Introduction As indicated last week, in order to promote an intelligent appraisal of PetroCaribe and the current regime of Guyana’s oil importation, an appreciation of the trajectory of the current global crude oil price is essential.
Market price: demand and supply Today the PetroCaribe Agreement and Guyana’s oil importation has to be contextualized against the dramatic fall in the global price of oil, which started in mid-2014.
Introduction Last week’s column revealed that in 2015, even as Guyana approaches half a century of Independence, several classical features of its colonial economic structure remain intact by global standards.
Then and now Sadly, as we approach Republic Day 2015, and after about half a century of independence, the classic description of the Guyana colonial economy as very small (even micro by global standards), poor, highly open, and exceptionally dependent on trade in primary commodities remains as broadly accurate today as it was back then.
Part4 Introduction Today’s column concludes this four-part series on the Guyana state. On January 20 the President announced May 11 as the elections date.
So far Parts 1 & 2 of this four-part series of columns have argued that the proximate or immediately precipitating factor driving the multifaceted crises which have emerged in Guyana today, stems from the unprecedented torrent of financial lawlessness, abuses and irregularities unleashed by the minority PPP/C executive, which came into office following the November 2011 national elections.
Part2 Introduction Last week, in Part 1 of this four-part series of columns I had argued that the proximate or immediately preceding factor driving the several ongoing crises and threatening contradictions in Guyana (starkly symbolized in the presidential prorogation of the National Assembly on November 10, 2014) has been the uncontrolled torrent of financial abuses, irregularities, and lawlessness perpetrated by the PPP/C executive since the November 2011 elections.
Part1 Introduction There is a connecting thread to Guyana’s ongoing narrative of multiple unfolding crises, major economic contradictions, and threats of state violence against government critics.
This week’s column concludes the discussion of inequality and poverty in Guyana. It focuses on the moral and ethical aspects of these phenomena.
Introduction As promised last week, today’s column begins with a brief report on the only recent study that I know of, which provides a quantitative measure of the direct impact of the global economy on poverty and inequality within nations.
There are two crucial issues which remain to be tackled in this series on inequality and poverty in contemporary Guyana.
Introduction This week I complete my presentation of Piketty’s recent paradigm- shifting contribution to the study of income and wealth inequality (Capital in the 21st Century), which I had introduced last week.
Introduction Last week’s column sought to make it very clear that, in my view, Guyana’s burgeoning inequality and poverty are the direct products of decisions and collective choices made by the ruling cabal of politicians, controllers of criminal networks, economic and financial rogues, and other marauders, who as I have indicated, consider themselves not only ‘too big to jail’ but also destined by the gods to rule Guyana.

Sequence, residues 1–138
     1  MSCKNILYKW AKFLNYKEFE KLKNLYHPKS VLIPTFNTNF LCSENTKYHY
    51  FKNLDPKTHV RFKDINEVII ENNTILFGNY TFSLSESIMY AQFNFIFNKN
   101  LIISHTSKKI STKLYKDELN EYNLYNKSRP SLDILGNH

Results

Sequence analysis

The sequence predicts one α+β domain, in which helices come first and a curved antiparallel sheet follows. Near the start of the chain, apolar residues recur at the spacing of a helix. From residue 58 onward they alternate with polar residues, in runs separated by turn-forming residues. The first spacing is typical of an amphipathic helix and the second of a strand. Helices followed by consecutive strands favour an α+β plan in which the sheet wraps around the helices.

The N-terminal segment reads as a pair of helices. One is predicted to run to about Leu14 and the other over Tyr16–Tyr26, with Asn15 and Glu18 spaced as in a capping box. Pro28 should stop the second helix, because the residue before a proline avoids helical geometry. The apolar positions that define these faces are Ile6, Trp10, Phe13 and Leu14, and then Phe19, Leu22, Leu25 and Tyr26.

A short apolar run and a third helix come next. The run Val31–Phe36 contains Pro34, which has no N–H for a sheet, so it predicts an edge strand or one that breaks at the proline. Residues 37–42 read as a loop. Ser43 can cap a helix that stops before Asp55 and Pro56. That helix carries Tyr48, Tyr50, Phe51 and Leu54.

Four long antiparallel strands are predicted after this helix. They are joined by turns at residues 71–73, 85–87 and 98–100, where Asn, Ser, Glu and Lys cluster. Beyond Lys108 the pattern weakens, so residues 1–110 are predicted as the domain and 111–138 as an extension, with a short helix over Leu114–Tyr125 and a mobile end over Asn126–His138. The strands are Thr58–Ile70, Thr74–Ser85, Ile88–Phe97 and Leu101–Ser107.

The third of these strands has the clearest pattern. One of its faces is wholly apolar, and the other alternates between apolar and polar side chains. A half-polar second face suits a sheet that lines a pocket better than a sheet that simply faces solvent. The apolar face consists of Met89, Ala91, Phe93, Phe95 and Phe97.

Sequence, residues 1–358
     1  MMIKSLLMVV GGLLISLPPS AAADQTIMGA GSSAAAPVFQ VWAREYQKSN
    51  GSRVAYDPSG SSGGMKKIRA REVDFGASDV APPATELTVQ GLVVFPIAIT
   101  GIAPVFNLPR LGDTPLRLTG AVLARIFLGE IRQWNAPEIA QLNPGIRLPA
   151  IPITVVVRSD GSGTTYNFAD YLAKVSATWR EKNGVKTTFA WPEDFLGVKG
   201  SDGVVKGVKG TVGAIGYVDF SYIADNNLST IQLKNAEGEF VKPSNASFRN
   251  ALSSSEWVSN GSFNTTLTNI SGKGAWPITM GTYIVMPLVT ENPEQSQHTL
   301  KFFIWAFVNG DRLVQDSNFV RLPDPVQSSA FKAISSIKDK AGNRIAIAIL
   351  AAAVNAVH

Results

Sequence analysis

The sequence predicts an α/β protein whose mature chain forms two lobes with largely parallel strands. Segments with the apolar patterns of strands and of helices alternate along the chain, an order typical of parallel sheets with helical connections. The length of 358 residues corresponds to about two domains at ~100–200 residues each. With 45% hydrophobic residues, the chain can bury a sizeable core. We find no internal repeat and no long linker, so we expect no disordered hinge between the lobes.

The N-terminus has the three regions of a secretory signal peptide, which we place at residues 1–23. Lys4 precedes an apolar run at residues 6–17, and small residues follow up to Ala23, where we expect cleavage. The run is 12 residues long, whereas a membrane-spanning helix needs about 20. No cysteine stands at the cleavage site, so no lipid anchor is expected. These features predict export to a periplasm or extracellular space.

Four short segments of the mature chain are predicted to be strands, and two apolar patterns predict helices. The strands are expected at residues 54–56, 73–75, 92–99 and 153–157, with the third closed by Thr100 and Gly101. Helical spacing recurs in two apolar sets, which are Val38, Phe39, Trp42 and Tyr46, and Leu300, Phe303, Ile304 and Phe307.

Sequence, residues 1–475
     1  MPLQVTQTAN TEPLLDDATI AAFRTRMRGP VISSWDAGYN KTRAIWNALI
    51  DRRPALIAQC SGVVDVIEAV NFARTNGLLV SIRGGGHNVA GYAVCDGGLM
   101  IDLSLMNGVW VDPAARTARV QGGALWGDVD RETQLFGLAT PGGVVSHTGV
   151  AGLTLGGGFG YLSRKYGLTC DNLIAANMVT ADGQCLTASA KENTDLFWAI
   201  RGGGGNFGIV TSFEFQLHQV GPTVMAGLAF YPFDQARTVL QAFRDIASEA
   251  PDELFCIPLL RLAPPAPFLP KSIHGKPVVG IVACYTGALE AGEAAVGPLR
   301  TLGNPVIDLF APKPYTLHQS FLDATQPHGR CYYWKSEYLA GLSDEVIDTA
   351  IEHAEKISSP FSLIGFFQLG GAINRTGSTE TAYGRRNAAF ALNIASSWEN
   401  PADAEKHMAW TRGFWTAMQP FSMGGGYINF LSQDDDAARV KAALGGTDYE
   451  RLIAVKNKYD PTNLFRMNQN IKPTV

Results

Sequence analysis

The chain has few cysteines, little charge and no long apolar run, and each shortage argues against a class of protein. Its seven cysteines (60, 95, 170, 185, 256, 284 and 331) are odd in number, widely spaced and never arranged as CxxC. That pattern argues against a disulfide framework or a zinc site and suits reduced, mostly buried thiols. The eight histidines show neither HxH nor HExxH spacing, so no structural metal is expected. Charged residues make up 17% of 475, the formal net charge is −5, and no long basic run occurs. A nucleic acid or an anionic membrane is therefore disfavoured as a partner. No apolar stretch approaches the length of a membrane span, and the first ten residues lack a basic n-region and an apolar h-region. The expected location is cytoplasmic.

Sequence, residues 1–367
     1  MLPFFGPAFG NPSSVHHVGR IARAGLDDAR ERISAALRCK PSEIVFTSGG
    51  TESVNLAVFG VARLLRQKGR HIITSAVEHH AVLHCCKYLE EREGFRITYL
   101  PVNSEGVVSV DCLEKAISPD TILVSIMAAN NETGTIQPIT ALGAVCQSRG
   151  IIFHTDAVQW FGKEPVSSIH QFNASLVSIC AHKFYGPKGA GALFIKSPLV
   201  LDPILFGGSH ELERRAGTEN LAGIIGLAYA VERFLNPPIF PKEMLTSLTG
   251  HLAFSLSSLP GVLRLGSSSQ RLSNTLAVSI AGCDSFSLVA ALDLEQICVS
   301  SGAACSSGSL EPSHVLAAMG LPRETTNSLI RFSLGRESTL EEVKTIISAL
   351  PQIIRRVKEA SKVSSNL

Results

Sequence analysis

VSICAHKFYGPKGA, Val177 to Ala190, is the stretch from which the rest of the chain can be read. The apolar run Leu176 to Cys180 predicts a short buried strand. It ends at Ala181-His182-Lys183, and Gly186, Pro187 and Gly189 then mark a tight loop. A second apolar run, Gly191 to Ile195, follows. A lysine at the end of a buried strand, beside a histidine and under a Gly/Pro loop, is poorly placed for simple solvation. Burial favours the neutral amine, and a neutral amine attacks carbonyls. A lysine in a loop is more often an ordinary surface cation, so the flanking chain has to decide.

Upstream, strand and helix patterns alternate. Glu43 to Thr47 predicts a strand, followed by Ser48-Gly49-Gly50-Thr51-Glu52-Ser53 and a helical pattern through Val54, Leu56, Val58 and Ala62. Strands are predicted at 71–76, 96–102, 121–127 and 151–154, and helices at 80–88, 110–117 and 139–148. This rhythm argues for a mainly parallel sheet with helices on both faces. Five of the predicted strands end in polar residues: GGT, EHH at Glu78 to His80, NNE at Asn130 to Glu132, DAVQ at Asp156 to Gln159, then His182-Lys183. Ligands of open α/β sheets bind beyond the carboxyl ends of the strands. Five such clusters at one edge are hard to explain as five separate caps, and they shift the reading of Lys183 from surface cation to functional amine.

In today’s column I propose to take last week’s discussion concerning the impact of massive wage and salary spreads along with the prevalence of the phantom economy on Guyana’s inequality and poverty one step further, through engaging an important emerging global line of thought on these matters.
Absolute v relative poverty This week I shall follow up on three matters related to last week’s discussion of poverty and inequality in the context of Guyana’s growth, joblessness and the minimum wage.
Introduction Over the past two weeks I have been displaying a Table that I had specifically constructed for this series indicating: 1) the annual public sector nominal minimum wage increases announced by government for the years 2006 to 2013.When these are adjusted for annual price increases (inflation) it is revealed these increases had only grown annually by about one percent on average.
Introduction Last week I introduced a Table showing that, over the eight years 2006 to 2013, the average net annual increase in the public sector minimum wage (adjusted for annual inflation) was shockingly low, about one percent.
Introduction To be brutally frank upfront, without 1) strong independent trade unions pushing for national real minimum wage increases, the payment of living wages and the provision of substantial job programmes 2) a considerable strengthening of class-based ideology and politics among political actors and worker representatives 3) rising public awareness and consciousness (fuelled by public advocacy arising from evidence- based analyses), the struggle against grinding inequality and poverty in Guyana is as good as lost.
Inequality and poverty are independent though symbiotically related forces driving Guyana’s political economy.
Introduction The class of United Nations Development Programme (UNDP) human development indicators is an intellectual derivate of the deprivation of basic needs approach, to poverty assessment discussed last week.
Challenges My last column noted that poverty measures based on income/consumption surveys, like the previously considered World Bank 1992, UNDP1999, and the HIES 2006 surveys have been seriously challenged by several analysts.
Introduction In Guyana, inequality and poverty have a lot to do with people’s perception of these.
Inequality results As indicated, this week I begin with reporting the key results of official studies that sought to measure inequality and poverty in Guyana.
Introduction For this and several columns to come, I shall be discussing a number of independent but related topics, under the broad theme of inequality and poverty in Guyana.